A coalition of service providers claims it will shake up the open source market by offering an alternative to the larger vendors. It also aims to counter the claims made by Microsoft Corp. that open source is the more expensive option.
The Open Source Consortium, a grouping of more than 60 companies has been established to offer, what it claims is an unbiased "proprietary-vendor free" voice for all organisations contemplating an Open Source roll-out.
The consortium, created following demand from areas such as the public sector, hopes to bring impartial clarity to the debate. OSC executive Mark Taylor said that the consortium would give smaller companies a chance to compete with the likes of IBM and Sun Microsystems for Open Source contracts. "It’s all about the smaller players. We want to open up markets that they don’t have access to."
He stressed that it would not compete with some of the existing open source groups which are more concerned with standards. Taylor said that the consortium would aim to counteract the FUD (fear, uncertainty and doubt) about open source – particularly that thrown up by Microsoft.
"We’ve seen figures purporting to offer the total cost of ownership on Windows and Linux, which show Windows as the cheaper option – but those are from figures supplied by Microsoft." He said that the consortium would promote the facts of the issue through its relationship with the UK National Computing Centre.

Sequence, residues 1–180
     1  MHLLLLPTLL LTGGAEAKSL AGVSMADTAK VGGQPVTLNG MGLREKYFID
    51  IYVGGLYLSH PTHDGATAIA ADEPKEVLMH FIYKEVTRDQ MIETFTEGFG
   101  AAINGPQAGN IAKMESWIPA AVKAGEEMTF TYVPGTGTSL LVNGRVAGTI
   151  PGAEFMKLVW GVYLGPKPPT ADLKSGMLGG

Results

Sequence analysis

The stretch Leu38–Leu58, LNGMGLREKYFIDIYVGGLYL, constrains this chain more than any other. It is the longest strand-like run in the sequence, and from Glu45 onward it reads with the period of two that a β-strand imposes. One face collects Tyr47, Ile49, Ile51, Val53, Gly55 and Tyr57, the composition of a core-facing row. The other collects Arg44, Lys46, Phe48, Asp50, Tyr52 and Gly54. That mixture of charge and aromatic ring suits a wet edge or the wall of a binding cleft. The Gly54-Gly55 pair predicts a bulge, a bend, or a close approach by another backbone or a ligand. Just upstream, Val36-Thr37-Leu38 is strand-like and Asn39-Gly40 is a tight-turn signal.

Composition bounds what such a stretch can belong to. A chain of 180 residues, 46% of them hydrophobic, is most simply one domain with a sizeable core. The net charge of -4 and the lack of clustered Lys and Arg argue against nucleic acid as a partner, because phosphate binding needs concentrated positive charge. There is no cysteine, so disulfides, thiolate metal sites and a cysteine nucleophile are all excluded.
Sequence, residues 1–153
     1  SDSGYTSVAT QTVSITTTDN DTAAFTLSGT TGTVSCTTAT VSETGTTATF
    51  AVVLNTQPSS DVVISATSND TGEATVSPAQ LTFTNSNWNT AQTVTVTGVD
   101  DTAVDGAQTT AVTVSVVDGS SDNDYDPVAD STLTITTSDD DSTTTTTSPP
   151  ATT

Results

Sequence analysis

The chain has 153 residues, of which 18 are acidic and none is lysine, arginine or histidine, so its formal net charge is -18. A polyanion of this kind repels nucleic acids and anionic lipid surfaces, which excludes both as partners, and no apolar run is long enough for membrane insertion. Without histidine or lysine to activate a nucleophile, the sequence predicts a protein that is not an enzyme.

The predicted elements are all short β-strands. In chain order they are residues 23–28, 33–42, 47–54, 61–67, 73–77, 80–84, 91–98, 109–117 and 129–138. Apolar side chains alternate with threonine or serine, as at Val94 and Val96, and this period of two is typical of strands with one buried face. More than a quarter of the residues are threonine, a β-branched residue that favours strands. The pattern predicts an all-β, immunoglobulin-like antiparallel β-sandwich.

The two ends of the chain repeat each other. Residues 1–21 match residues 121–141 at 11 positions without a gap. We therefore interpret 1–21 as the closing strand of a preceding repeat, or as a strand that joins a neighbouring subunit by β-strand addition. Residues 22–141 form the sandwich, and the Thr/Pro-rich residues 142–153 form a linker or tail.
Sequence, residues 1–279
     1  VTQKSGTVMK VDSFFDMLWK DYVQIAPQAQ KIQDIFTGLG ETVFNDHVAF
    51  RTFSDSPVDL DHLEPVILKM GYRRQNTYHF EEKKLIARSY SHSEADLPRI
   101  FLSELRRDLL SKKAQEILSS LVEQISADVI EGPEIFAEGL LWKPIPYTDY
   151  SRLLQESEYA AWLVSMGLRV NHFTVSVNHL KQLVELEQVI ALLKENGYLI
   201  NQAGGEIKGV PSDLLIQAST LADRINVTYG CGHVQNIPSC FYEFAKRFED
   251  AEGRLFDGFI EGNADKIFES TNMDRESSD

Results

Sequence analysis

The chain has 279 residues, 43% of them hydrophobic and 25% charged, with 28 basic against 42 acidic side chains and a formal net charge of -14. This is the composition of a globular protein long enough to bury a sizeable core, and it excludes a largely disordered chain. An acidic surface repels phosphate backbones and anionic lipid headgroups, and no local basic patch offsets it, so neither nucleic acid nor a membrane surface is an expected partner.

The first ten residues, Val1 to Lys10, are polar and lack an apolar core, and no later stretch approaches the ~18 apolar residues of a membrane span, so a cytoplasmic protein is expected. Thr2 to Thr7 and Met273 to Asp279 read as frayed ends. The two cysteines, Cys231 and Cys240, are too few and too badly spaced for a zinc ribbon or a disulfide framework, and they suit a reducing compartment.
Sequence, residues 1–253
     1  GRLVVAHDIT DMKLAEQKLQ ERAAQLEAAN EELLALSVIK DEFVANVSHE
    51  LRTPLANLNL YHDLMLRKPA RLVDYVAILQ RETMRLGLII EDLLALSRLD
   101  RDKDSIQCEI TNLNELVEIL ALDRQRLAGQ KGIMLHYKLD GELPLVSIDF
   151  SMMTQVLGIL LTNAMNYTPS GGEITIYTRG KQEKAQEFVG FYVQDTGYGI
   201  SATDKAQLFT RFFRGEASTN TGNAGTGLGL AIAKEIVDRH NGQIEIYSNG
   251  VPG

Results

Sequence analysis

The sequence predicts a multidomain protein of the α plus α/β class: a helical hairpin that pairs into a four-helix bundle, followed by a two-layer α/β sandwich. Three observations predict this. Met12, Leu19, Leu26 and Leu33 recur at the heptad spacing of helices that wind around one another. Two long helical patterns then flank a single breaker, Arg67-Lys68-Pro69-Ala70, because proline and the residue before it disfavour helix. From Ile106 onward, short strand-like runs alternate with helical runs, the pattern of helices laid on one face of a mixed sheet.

Taylor said that the OSC would offer four services: strategic consultancy, deployment consultancy, training and support. The consortium already has close links with public sector organisation, SOCITM, he claimed. The group will look at several technical areas: for example, on the use of Apache and about making websites "browsable" by open source browsers.
While the consortium is being officially launched today, the group has been working quietly in the background for some time. Taylor said that the OSC was trailblazing for open source use was being monitored by Open Source groups in other countries.
“We know that France and Germany are both looking at what we’re doing, so although it will be UK only at first, we hope to take the concept elsewhere. We’re well ahead of other countries, there’s not even the equivalent of the OSC in the US,” he said.